But for a poem to survive at all, it has to pass what I call The Blake Test – the work has to be platform independent. Long before any of us learns about the existence of an online Blake Archive, we have already confronted his work many many times, in anthologies that completely decontextualize his writing, even in something like Dover’s William Blake Stained Glass Colouring Book. Not only does Blake’s greatness peek through all of these bowdlerized presentations, for many decades it was the only way his work could survive. Indeed, the same could be said for Homer. None of the Odyssey was written for the page, but it did make effective use of the first storage technology known to our species: rhyme. Twenty-eight centuries hence, sound repetition no longer has the same technological or social meaning, but the poem itself survives just fine, thank you. Already, graphic texts built in Harvard Graphics or through Ventura Publisher – programs whose platforms no longer exist, save in computer museums or somebody’s attic – have become inaccessible. What makes us think Java or Flash is going to last any longer? Indeed, many of the works we would soon see were composed in Inform 6, a program that itself has already been superceded.

When, later in the day at Writers House, five of the collection’s authorsMary Flanagan, Aya Karpinska, Aaron Reed, Stuart Moulthrop & Noah Wardrip-fruin – presented works on the facility’s new giant flatscreen monitor, I wondered just how many of these pieces might pass the most rudimentary form of the Blake Test – how many of these would I bother to read if I saw it as pure text on a plain printed page? Realistically, only Aya Karpinska’s collaboration with Daniel Howe, which happily is one of the pieces actually included in the collection (and is what will come up if you click her link above), which uses simple reiteration of short phrases in a method that recalls both some of Zukofsky’s finger exercises or the reiterative writing of Helmut Heissenbüttel. However, this piece also makes use of simple, elegant graphics and a breathy voiceover that will remind listeners of the deadpan operas of Robert Ashley. If there is a difference between the Karpinska/Howe collab and, say, the work of someone like Zukofsky, it’s that, cognitively, the latter is much more formal, whereas the vaguely erotic elements of open.ended could be interpreted in wide range of ways, some of them quite sophomoric.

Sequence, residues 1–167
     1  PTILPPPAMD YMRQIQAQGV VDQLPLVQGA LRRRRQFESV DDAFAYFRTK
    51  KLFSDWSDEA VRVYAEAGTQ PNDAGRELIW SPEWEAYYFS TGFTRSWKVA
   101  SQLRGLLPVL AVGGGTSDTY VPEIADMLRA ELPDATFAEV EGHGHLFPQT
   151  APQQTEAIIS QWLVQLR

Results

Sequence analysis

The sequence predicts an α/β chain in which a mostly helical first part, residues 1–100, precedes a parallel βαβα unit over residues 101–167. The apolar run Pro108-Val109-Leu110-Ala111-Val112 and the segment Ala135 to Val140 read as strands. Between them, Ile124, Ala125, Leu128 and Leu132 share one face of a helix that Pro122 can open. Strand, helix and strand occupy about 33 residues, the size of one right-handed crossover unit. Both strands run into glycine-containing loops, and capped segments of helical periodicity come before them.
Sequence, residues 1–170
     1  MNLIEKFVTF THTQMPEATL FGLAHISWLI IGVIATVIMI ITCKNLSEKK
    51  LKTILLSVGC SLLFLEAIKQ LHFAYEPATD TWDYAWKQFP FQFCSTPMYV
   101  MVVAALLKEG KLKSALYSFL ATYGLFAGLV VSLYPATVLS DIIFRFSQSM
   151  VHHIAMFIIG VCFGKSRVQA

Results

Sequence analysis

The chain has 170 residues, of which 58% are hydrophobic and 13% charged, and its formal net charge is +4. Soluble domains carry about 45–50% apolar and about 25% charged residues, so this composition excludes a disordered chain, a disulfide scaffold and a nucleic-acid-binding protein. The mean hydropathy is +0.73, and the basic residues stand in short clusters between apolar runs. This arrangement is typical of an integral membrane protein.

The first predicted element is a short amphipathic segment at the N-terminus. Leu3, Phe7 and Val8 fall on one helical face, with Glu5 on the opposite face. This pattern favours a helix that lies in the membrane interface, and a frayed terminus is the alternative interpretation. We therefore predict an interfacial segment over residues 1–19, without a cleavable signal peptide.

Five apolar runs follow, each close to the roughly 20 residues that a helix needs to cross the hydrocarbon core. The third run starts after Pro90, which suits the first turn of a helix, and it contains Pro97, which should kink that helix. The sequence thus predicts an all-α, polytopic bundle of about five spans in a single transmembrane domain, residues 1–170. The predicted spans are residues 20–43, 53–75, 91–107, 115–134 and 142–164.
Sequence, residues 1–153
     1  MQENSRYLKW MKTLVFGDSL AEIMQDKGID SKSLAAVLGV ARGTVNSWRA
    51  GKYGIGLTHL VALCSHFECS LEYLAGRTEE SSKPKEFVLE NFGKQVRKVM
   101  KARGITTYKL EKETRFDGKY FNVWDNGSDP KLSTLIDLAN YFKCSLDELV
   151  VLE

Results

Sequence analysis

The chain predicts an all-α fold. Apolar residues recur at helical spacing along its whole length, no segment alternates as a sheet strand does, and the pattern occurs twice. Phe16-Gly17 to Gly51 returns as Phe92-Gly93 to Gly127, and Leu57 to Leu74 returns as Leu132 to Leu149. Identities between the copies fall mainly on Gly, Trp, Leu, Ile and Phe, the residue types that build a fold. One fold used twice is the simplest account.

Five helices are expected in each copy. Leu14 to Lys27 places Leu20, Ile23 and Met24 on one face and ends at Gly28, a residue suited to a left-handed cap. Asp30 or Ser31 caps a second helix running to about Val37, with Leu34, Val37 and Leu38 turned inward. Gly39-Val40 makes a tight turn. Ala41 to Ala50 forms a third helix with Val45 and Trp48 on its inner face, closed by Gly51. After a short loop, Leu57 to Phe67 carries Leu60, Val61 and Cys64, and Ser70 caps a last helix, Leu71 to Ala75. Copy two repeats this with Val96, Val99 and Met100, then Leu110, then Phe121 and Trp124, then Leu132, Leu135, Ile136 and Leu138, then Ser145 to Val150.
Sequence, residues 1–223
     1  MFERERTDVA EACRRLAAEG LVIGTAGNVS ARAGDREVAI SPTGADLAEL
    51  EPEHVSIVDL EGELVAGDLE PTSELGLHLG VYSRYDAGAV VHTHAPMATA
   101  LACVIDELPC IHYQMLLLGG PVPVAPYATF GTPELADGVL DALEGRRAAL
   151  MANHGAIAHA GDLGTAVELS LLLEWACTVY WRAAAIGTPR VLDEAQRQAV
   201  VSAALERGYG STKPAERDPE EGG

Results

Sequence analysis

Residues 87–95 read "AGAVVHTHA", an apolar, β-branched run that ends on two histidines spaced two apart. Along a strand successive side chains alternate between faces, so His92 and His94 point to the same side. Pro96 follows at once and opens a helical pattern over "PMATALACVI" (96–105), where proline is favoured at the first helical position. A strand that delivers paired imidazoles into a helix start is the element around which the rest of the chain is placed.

Now five contributors out of 66 is hardly a fair sampling, nor were the extremely short presentations even a fair sampling of the authors themselves. This collection does contain some breath-taking work on it, such as Brian Kim Stefans’ The Dreamlife of Letters, a flash poem in response to the work of Rachel Blau DuPlessis. It was also obvious from the Q&A session after the presentations that several of the presenters (and other contributors to the collection in the room, such as J.R. Carpenter) are superb thinkers.

Yet at the same time, I often felt as if I were at a printers’ convention circa 1455, all this intellectual frisson, so very little (as yet) work.


¹ Just possibly the most fortuitously named individual in history.